Onstage: Thinking Outside the Pit

CSO is reaching out to more diverse audiences

Apr 20, 2005 at 2:06 pm

African-American artist Gilbert Young painted Erich Kunzel conducting the Cincinnati Popsduring a 2004 concert

Benign neglect is how the Cincinnati Symphony Orchestra (CSO) has responded to the cultural richness and diversity in this city. That's changing, according to CSO President Steven Monder. Why now?

"It's the right thing to do," Monder says. "I think we'll be a better orchestra if we really embrace and incorporate diversity."

Beginning with the adoption of a diversity and inclusion policy, the volunteers collaborated with staff, musicians and everyone throughout the organization to implement the policy belief. "By standing together and working together in our differences we can achieve more," the policy states.

A volunteer Multicultural Awareness Council was established in 1990. An inclusion policy in 2002 set the stage for the creation of a staff position. Kathy Finley, manager of diversity and community outreach, points to the success of the community-focused activities.

"We can do so much for the under-represented and under-served communities here," Finley says. "In the program 'Classical Roots: Linking Cultures Through Music,' we celebrate the contributions of African-American and Latino composers, some that aren't traditionally performed by national orchestras. They're almost unheard now, and the orchestra is trying to bring those works to the public."

These free community concerts are presented through partnerships with local churches. At Music Hall, the CSO and the Cincinnati Pops present audiences with a "cross-cultural sampling of artists and composers" via the Open Door Series. The final concerts from that series for 2004-2005 feature Korean American violinist Sarah Chang on Friday and Saturday.

Moving outside the local community, the CSO collaborates with the Detroit-based Sphinx Competition to provide minority high school juniors and seniors an opportunity to compete nationally for scholarships, prizes and performance opportunities.

Musical programs are an expected focus for the CSO. However, they aren't limited to traditional activities. Their commitment to diversity extends beyond the instruments.

"A goal I have is to connect the visual arts with the performing arts," says Finley. "We have been engaging local artists to use their works. For two seasons now we've put their works on the cover of our brochures."

Finley established a partnership with Project ArtReach to bring the visual artistry of African-American painter Gilbert Young to the stage in 2004 for the Concert in the Gardens by the Pops.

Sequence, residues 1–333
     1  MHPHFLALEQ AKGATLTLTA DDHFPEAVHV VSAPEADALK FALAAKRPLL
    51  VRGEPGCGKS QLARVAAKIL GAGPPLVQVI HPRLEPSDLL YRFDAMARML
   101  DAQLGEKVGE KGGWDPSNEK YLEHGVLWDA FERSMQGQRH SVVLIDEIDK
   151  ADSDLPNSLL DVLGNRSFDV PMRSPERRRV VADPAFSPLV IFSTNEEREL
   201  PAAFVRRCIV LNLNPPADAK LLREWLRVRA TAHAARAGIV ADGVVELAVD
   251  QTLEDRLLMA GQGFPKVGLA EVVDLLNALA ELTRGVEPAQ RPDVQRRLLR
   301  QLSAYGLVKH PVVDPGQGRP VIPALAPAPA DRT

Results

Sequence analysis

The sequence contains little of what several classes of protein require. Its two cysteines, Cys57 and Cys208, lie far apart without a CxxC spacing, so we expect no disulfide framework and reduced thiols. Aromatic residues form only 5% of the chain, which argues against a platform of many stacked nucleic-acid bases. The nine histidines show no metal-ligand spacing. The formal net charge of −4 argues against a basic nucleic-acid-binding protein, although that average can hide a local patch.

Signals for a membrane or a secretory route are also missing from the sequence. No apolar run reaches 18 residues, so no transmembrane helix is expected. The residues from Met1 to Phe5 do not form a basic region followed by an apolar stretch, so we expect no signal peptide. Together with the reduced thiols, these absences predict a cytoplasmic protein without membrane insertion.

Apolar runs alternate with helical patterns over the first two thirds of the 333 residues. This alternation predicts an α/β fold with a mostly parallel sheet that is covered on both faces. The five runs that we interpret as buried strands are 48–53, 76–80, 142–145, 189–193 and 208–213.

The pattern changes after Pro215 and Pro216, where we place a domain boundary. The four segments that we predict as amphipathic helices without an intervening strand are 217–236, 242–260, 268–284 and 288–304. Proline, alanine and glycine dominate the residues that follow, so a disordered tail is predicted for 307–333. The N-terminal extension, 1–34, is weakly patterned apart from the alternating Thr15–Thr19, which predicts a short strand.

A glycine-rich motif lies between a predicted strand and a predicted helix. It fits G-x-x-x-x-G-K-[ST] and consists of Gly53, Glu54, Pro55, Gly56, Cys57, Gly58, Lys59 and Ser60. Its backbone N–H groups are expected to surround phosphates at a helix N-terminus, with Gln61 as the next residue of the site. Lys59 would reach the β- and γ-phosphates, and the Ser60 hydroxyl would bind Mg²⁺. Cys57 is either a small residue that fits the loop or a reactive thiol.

"He set up an easel off to the side and was facing the orchestra so everyone could see him while he was working," says conductor Erich Kunzel. "Essentially in two hours he did this painting. It was exciting. Here I am waving my stick and wiggling my ass and doing my thing, then there's this amazing painting."

Young, a native Cincinnatian, was delighted by the opportunity to bring together the largely disconnected art forms.

"The visual artist gets very little recognition. Ours is a performance too, but it's not loud enough to catch your visual ear," says Young.

While he counts the experience as a highlight in his career, Young's involvement with the CSO isn't limited to that evening. A portion of the sale of the proceeds from the print of the painting will go to support a music scholarship fund.

"To be able to come back to Cincinnati and share the stage for even just a moment with Erich Kunzel was a great honor and recognition of change in our society," says Young, who will present the painting to Kunzel at a May 13 concert kicking off the Golden Age of Cinema series.

The CSO is reviewing its supplier programs and attended a recent business expo of minority-owned businesses hosted by the Playhouse in the Park. Regular training for staff and volunteers continues, and everyone is building a strong sense of awareness of inclusion to continually expand their efforts.

The goal — to garner more written feedback like that received from a recent concert: "Da bomb, off the hook, bangin', hard core, off da chain, insane in the membrane."

SARAH CHANG performs with the Cincinnati Symphony Orchestra at Music Hall on Friday and Saturday evening.